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  • CMS Proposes 2018 Quality Payment Program Rule: Here's What PTs Need to Know

    The US Centers for Medicare and Medicaid Services (CMS) may have slowed down the pace at which it is implementing the move toward quality-based payment, but that doesn't mean physical therapists (PTs) should be taking a business-as-usual attitude.

    With the release of its 2018 proposed rule for quality payment, CMS is taking some of the pressure off clinicians and groups with smaller practices or low numbers of Medicare patients to meet Merit-Based Incentive Payment System (MIPS) requirements. Still, the shift away from fee-for-service models continues, and even though PT participation in MIPS is still voluntary next year, it's almost a given that PTs will be mandatorily included as early as 2019.

    Details on the proposed rule are available from CMS, but here are a PT's 4 most important takeaways:

    1. Get involved in alternative payment models (APMs) now.
      Participating in an advanced APM could give you a 5% incentive payment with every year of successful participation. CMS offers a webpage specifically devoted to learning more about participating in APMs.
    2. APMs: They aren't just about Medicare.
      Don't limit your participation in APMs to only Medicare-based programs. According to CMS, beginning in 2019—the year PTs could be required to participate in MIPS—becoming a qualified provider through the "all payer combination option" will require the provider to participate in APMs with both CMS as well as an "other payer."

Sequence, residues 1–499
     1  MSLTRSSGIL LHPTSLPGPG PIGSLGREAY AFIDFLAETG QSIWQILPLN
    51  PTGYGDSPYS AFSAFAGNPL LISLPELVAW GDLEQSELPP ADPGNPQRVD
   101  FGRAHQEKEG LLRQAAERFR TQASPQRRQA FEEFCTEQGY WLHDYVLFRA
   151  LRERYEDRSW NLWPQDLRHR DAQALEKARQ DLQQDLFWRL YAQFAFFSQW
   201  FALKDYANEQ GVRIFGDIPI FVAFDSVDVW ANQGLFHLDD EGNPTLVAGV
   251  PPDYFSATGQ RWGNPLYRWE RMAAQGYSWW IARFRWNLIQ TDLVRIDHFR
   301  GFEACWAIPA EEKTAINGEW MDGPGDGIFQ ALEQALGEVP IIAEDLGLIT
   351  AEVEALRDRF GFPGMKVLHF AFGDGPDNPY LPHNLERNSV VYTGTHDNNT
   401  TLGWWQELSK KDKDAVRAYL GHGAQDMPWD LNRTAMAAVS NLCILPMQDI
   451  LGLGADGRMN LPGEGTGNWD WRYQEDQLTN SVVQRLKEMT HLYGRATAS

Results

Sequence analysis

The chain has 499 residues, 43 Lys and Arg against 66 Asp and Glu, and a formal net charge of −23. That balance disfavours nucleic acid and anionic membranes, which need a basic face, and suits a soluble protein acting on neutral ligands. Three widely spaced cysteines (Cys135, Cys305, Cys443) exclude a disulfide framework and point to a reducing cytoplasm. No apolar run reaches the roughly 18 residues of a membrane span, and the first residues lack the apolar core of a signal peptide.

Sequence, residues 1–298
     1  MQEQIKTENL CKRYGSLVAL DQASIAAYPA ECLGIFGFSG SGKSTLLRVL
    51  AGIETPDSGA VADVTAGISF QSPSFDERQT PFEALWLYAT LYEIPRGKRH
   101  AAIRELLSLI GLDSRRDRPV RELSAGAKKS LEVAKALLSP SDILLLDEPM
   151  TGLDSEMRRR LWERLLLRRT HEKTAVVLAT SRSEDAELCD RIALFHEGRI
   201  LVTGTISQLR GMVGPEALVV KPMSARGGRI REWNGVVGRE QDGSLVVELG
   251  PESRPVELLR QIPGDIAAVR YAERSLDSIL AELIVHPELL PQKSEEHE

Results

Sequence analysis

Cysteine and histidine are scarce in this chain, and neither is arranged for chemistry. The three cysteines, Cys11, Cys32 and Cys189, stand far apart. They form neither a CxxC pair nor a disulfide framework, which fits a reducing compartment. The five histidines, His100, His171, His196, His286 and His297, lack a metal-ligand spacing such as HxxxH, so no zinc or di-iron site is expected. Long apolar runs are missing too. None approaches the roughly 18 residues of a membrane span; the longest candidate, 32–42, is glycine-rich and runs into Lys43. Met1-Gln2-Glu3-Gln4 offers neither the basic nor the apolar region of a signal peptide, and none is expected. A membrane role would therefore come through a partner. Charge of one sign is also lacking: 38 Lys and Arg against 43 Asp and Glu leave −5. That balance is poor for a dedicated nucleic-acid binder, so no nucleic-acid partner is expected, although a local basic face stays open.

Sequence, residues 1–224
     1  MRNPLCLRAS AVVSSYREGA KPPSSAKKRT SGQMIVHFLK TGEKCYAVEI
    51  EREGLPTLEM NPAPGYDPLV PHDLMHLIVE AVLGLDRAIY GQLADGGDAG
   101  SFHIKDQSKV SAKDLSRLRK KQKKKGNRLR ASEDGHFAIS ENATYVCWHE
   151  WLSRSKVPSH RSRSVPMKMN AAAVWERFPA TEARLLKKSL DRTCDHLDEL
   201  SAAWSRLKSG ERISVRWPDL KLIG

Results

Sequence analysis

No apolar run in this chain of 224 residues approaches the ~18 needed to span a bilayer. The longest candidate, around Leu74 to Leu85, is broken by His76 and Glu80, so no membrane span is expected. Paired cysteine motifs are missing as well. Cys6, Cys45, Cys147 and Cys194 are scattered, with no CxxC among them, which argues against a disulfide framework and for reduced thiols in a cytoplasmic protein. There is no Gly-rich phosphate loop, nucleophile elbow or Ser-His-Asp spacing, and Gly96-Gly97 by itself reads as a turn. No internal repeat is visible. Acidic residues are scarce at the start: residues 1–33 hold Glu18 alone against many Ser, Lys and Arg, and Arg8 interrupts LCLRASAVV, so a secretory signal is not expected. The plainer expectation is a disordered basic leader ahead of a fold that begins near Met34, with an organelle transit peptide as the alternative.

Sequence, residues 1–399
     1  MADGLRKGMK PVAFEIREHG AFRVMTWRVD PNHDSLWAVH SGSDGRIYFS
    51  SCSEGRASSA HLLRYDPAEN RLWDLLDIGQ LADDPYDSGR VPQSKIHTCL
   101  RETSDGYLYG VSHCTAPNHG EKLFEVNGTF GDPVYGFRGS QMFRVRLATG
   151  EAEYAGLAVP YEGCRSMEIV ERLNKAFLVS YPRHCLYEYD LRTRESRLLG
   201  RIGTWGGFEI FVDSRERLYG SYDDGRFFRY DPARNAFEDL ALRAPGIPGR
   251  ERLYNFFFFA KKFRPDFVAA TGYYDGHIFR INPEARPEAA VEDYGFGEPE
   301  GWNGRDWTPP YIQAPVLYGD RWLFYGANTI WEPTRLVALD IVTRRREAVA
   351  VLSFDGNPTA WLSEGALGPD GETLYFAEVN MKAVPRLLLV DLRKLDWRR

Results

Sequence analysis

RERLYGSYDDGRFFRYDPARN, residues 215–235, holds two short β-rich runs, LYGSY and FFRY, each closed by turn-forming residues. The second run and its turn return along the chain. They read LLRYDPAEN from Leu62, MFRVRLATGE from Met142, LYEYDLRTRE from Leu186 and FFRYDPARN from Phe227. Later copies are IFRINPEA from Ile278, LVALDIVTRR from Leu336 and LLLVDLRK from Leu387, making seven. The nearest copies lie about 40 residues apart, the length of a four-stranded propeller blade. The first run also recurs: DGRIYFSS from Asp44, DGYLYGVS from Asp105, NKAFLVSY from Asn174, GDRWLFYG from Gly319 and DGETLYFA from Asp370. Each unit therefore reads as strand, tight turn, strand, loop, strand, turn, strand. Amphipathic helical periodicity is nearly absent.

3. Take MIPS for a test drive.
      PTs aren't formally included in MIPS, meaning reporting scores won't yet affect future payment adjustments. But you can report under MIPs voluntarily, which will help prepare you for future years when PTs are likely to be required to participate.
    4. Get with the technology.
      As health care moves to outcomes-based payment, it will be critical for PTs to have access to real-time clinical data to understand how they perform, identify areas to improve quality, and manage patient populations. Without data physical therapists will be unable to receive future incentive payments. APTA's Physical Therapy Outcomes Registry will have the ability to extract information from electronic health records, allowing your clinical data to be readily usable and actionable.


    • Let me explain how this all works. Quality control is the stated pretense. Provider control is the actual purpose ... more and more control. Less and less freedom to practice as you choose. Incentive payments will be dangled but they will fade away and penalty payments will be increasingly implemented. This is a variation on economic shock testing. The more you willingly and unquestioningly comply, the worse it will get. Your income will spiral further downward and your paperwork burden will grow.

      Posted by Brian Miller on 6/24/2017 8:06 PM

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